Arizona Gov. Doug Ducey, a Republican, signed a bill into law Wednesday that will make it illegal to film the police within eight feet.
The legislation, H.B. 2319, makes it a misdemeanor offense to continue filming police activity from within eight feet of an officer after receiving a verbal warning. The bill originally restricted filming the police from no closer than 15 feet away, but it was amended after criticisms.
There are also exceptions for filming the police in a private residence, during a traffic stop, and for the subject of a police encounter. But the law qualifies those exceptions, saying they apply only if the person recording is "not interfering with lawful police actions," or "unless a law enforcement officer determines that the person is interfering in the law enforcement activity or that it is not safe to be in the area and orders the person to leave the area."
Interfering with police, or obstruction of justice, is one of the most frequently cited justifications for frivolous and retaliatory arrests.
The American Civil Liberties Union (ACLU) of Arizona opposed the legislation, saying it "lacks specificity and gives officers too much discretion—making it the bill more apt to protect bad cops who want to hide misconduct than those who are doing their job properly with a bystander recording nearby."
The bill's sponsor, state Rep. John Kavanagh (R–Fountain Hills), wrote in a March op-ed that he introduced it "because there are groups hostile to the police that follow them around to videotape police incidents, and they get dangerously close to potentially violent encounters."
"I can think of no reason why any responsible person would need to come closer than 8 feet to a police officer engaged in a hostile or potentially hostile encounter," Kavanagh wrote. "Such an approach is unreasonable, unnecessary and unsafe, and should be made illegal.
T. Greg Doucette, a criminal defense attorney who also specializes in free speech law, told Reason in February that there are constitutional problems with the law.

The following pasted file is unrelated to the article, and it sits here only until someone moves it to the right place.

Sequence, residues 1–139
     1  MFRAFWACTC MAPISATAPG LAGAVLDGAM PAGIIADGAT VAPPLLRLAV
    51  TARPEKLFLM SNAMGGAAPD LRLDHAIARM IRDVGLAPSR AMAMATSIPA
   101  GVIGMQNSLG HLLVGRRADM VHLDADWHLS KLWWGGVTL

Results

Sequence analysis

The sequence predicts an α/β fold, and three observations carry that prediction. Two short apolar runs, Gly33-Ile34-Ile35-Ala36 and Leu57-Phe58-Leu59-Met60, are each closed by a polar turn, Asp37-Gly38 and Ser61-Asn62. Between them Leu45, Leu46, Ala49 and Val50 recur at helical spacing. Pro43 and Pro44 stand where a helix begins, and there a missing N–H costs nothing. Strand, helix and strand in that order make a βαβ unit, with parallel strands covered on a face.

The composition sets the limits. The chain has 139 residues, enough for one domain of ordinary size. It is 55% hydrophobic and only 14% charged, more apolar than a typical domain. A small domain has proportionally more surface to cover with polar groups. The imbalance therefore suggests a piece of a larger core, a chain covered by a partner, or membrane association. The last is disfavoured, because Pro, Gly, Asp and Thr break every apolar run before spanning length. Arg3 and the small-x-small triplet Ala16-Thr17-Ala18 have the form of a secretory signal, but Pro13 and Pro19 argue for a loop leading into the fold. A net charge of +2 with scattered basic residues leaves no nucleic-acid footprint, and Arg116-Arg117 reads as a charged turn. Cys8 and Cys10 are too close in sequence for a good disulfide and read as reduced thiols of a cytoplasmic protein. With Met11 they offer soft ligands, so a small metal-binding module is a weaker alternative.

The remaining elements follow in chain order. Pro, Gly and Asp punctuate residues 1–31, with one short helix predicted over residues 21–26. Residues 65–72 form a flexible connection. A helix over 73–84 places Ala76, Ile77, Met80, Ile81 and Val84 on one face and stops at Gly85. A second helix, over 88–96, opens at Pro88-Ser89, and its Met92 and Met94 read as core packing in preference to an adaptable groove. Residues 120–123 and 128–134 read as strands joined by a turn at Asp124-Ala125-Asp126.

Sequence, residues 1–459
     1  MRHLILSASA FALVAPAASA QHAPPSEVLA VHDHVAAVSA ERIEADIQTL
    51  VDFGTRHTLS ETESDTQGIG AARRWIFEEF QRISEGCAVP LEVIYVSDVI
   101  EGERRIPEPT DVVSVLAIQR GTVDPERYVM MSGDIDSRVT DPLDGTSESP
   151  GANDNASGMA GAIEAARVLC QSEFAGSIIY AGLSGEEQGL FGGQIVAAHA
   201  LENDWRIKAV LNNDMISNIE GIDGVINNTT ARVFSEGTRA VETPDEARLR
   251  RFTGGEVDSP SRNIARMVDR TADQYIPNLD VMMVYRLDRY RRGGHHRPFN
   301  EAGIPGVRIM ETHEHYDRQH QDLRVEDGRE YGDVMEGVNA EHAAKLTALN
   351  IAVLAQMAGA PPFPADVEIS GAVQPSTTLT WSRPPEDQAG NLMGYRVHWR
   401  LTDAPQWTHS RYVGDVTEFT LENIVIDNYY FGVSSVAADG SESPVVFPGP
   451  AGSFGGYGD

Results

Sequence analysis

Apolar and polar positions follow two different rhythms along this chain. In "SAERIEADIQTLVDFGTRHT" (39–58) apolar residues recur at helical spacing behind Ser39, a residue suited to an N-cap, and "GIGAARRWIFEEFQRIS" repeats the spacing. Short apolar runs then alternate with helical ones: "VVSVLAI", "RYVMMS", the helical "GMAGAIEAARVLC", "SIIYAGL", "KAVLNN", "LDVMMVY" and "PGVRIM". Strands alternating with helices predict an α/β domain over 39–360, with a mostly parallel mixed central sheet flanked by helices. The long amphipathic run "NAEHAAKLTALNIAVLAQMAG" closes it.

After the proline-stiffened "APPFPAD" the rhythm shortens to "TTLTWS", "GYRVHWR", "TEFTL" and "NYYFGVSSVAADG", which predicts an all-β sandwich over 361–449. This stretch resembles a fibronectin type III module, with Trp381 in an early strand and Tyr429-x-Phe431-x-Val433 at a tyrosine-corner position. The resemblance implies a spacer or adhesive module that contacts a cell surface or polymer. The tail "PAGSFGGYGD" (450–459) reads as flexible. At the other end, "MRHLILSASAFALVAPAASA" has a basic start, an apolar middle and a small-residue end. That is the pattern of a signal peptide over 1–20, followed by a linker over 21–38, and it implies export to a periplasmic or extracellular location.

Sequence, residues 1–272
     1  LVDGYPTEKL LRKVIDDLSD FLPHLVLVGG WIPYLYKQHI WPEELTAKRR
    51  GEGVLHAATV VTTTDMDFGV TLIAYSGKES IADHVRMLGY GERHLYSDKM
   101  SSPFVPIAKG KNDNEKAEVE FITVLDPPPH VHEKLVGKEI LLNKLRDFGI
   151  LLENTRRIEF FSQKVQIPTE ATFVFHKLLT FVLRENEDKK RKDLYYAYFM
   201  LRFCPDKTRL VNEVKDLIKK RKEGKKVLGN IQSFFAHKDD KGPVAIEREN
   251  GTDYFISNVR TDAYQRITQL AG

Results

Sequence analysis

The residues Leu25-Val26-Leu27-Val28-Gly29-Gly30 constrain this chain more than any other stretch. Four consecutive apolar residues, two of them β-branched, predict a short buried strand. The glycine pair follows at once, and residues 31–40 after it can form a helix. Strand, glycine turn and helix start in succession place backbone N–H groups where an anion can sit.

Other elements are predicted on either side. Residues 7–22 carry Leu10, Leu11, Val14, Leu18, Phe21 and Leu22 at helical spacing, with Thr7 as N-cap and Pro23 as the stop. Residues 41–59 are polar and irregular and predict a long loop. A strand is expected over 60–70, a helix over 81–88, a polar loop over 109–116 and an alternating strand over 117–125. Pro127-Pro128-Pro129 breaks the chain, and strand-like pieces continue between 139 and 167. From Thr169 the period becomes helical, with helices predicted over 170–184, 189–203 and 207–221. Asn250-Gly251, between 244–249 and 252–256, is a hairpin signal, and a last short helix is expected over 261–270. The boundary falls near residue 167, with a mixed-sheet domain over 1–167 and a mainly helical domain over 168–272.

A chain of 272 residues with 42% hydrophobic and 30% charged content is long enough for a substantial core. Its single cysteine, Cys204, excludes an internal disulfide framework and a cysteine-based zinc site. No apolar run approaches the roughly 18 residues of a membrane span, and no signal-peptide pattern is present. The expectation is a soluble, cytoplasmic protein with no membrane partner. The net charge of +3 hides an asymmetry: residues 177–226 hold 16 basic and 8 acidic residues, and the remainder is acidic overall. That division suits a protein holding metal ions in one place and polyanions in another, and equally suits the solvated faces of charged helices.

"Can you be arrested for standing still while wearing a GoPro under this statute?" Doucette asked. "It seems the answer here is yes, which would violate the First Amendment (since standing still isn't interfering with an officer's duties)."
The First Amendment right to film the police has been upheld by several federal appeals courts, as Reason's Billy Binion has reported:
The right to film government officials in public has been at the center of a slew of legal challenges over the last few decades. And several federal appeals courts—including the 1st, 3rd, 5th, 7th, and 11th Circuits—have ruled that it is indeed an activity protected by the First Amendment.
It was also established in the 9th Circuit—where Arizona is located—almost 30 years ago, in a 1995 decision where the court ruled that a cop violated the Constitution when he physically sought to stop a man from videotaping a public protest in 1990.
The National Press Photographers Association, joined by numerous media outlets and press freedom groups, issued a letter in February opposing the bill. They declared that the legislation "violates not only the free speech and press clauses of the First Amendment, but also runs counter to the 'clearly established right' to photograph and record police officers performing their official duties in a public place."
While civil liberties groups say recording the police is both protected and crucial for government accountability, lawmakers in some states have been trying to make it harder for citizens to do it. In addition to Arizona, the South Carolina and Florida legislatures have also introduced bills over the past two years to restrict the ability to film the police.
State legislators should be less concerned with cops' feelings and more concerned about citizens' right to document how armed government agents go about their business. Giving officers another discretionary offense to slap on someone who annoys them will lead only to more confusion and more censorship.